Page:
Nusrat Ghani, the Muslim Conservative member of the parliament (MP) from Wealden who was allegedly sacked as transport minister in the past because of her faith, was on Wednesday (7) appointed as the minister of state at the department for business, energy and industrial strategy as the new government of prime minister Liz Truss took over.
The 50-year-old had served as the parliamentary under secretary of state at the department of transport between January 2018 and February 2020 when she was removed as part of former prime minister Boris Johnson’s first cabinet reshuffle after he was elected in December 2019. The move, which was reportedly made without an explanation, surprised many political observers as Ghani earned praise for her work for HS2, a high-speed railway line between London and a number of big cities of England.
Ghani had alleged that Johnson’s whip had referred to her “Muslimness” while sacking her. Johnson later launched a cabinet office probe into the charges after the parliamentarian accused him of showing little willingness to “get involved” in the matter. Sources in Downing Street said that the former prime minister had asked officials to establish the facts and that he took the allegations “very seriously”.
According to a report published by a leading British weekly newspaper, the Wealden MP claimed that she was told that her “Muslimness” was picked as an issue at a meeting held in Downing Street. She was told that her “Muslim woman minister status was making colleagues feel uncomfortable” and that there were concerns that she “wasn’t loyal to the party” as she hadn’t done enough to defend the party against Islamophobia allegation.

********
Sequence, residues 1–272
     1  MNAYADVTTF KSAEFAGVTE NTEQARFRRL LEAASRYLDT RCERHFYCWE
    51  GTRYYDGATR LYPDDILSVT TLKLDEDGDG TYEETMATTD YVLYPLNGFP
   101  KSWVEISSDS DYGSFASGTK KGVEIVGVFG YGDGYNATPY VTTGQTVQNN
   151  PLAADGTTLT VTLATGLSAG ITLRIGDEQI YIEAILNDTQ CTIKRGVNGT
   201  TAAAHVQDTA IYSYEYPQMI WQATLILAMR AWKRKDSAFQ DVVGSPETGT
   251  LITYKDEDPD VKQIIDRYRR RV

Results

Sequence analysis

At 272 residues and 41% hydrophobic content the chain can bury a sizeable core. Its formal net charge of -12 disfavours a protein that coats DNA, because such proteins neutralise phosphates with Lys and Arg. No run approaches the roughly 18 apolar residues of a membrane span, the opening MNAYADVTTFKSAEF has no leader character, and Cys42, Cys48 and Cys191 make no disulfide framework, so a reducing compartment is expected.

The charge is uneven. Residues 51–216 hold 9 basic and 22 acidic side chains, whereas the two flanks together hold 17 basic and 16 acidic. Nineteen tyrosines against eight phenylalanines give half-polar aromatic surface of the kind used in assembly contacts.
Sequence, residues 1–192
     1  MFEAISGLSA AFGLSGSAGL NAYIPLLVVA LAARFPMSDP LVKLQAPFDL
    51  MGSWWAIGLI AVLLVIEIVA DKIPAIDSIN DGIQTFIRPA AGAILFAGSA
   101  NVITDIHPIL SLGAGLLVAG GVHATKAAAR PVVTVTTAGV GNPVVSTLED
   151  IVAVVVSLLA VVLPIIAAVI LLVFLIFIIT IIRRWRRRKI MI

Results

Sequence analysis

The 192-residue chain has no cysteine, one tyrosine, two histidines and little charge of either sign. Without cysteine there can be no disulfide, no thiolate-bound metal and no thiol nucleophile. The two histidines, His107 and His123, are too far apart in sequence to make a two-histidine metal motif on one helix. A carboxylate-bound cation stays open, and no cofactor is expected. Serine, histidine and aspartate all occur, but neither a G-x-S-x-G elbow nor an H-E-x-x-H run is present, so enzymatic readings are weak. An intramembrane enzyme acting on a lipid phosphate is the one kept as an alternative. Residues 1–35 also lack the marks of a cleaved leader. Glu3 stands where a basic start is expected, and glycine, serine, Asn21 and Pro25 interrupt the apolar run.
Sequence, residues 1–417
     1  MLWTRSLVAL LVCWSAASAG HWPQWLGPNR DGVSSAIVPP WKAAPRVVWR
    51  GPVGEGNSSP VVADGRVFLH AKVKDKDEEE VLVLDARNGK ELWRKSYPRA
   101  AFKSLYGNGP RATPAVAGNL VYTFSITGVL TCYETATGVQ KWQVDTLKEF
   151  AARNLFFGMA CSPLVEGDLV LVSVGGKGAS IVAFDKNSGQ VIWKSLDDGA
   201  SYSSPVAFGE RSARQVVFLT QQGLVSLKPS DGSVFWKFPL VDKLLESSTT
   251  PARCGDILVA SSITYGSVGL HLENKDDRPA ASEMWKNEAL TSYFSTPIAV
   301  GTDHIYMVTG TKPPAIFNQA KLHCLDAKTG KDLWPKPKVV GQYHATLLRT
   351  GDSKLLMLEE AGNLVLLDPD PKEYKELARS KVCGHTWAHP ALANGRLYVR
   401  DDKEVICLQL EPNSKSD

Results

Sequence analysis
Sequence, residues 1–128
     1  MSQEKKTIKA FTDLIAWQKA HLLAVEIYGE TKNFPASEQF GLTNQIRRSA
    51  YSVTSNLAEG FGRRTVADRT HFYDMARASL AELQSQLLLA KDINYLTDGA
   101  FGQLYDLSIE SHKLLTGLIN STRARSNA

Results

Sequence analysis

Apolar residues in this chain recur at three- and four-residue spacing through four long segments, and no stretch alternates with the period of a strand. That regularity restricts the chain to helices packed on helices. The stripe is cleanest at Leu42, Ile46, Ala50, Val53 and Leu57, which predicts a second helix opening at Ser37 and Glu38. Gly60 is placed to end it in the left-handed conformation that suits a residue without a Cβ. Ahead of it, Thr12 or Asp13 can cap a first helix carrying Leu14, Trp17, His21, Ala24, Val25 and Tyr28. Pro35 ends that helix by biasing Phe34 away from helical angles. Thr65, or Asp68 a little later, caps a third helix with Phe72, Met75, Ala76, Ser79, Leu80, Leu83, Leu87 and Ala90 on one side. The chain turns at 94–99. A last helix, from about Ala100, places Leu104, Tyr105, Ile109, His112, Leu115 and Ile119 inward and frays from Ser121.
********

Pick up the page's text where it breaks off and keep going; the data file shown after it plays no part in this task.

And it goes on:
“It was like being punched in the stomach. I felt humiliated and powerless,” she was quoted as saying.
The lawmaker had welcomed the decision taken by Johnson to probe the allegations saying she wanted the matter to be taken seriously and be investigated by the prime minister.
However, the Mirror reported last month that Ghani has given up hope of a probe as was promised by Johnson who quit in July.
“I have tried to progress this but it’s clear nothing is going to happen,” she was quoted as saying.
Mark Spencer, who was the Tory whip when Ghani lost her ministry in 2020, admitted having a talk with her but denied that he had said anything to her related to faith, the Mirror added.
Johnson though agreed to hold an inquiry led by his former ethics adviser Lord Geidt but he quit after expressing unhappiness about how the former prime minister handled the controversy over lockdown parties that eventually led to his downfall.